In The Clash of Civilizations? Samuel Huntington postulates that the next round of world confrontations won’t be based around national interests like territory, or ideologies like the Cold War between capitalism and communism, but between civilizations. Huntington uses the Yugoslav Wars as an example of the direction conflicts are heading. Huntington describes the areas were different civilization as “fault lines”, which are characterized by increased violence and instability. Many of today’s fault lines have two different religions on either side. One of these fault lines separates Ukraine into a Catholic West and Orthodox East. Huntington states that “If civilization is what counts, however, the likelihood of violence between Ukrainians and Russians should be low.”, since Russia and Ukraine are part of the same civilization. Eleven years after Huntington’s article was published, we can see that the likelihood of violence has in the region has increased somewhat, and that similar civilizations are not entirely immune to conflict. Similarly, recent conflicts like the Arab Spring were intra-civilizational.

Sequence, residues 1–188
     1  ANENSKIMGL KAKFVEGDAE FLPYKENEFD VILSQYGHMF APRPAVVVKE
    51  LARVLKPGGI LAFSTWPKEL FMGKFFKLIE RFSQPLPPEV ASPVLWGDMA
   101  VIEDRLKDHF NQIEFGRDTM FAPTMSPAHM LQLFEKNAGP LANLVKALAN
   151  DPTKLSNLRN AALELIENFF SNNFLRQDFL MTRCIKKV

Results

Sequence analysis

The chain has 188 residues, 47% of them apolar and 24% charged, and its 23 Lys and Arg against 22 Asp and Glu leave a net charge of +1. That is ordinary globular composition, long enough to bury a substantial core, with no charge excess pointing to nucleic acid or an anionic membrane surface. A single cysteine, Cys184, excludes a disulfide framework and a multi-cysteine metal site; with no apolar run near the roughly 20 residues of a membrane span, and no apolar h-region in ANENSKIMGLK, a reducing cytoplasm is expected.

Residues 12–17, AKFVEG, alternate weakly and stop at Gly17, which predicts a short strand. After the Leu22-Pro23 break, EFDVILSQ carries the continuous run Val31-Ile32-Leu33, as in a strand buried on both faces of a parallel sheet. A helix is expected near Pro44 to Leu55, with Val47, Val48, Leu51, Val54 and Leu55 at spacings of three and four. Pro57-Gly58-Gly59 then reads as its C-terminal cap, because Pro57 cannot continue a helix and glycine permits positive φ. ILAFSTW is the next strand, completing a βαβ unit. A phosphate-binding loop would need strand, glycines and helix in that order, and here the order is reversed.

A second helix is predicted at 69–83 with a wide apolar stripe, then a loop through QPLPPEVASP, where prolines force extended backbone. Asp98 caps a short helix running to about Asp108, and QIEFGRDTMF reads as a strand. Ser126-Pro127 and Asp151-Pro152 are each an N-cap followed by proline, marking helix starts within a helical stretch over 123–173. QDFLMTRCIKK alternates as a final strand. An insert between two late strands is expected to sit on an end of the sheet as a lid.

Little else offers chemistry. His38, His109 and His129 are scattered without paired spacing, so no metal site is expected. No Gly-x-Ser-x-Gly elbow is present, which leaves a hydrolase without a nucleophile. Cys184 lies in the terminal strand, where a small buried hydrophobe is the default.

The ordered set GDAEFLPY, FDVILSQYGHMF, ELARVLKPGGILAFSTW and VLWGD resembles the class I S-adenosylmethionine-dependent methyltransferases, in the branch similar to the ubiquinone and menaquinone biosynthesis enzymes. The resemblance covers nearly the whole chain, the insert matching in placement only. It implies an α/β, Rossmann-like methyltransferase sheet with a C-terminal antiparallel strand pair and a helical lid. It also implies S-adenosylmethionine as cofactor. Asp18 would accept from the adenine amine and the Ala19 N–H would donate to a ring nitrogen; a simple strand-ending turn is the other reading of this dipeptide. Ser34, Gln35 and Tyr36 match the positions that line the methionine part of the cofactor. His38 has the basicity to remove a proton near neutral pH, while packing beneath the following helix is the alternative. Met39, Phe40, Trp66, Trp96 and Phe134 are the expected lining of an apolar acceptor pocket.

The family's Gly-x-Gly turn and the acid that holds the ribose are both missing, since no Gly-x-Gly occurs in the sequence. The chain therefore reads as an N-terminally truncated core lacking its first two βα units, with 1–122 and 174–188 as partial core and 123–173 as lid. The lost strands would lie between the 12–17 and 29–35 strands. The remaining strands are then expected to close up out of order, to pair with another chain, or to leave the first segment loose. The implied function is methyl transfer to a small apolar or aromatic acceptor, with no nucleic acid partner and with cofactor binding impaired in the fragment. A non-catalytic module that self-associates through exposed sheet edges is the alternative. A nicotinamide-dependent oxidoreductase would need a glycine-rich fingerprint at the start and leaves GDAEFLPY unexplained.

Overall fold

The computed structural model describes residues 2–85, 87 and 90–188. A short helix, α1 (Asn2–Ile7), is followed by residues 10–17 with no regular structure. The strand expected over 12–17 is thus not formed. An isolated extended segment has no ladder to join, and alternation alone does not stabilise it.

In Chapter 8: Imperialism and Postcolonialism, Painter and Jeffrey discuss the roots, causes, and lasting effects of colonialism. The authors also include a small section on the role colonization played in the creation of the field of geography. Important geography skills like map making were necessary to navigate newly colonized areas. Initially, geography was used to legitimize a form of scientific racism called environmental determinism.
Common to both the article and chapter was the concept of West versus the rest. As Western civilization exerts ex-colonies and other civilizations, these civilizations have reacted in different ways. Some civilizations embrace parts or all of Western civilization while others reject it. Western civilization is seen as the quickest and easiest way to modernization, while some civilizations like Japan have modernized while keeping their own civilization intact.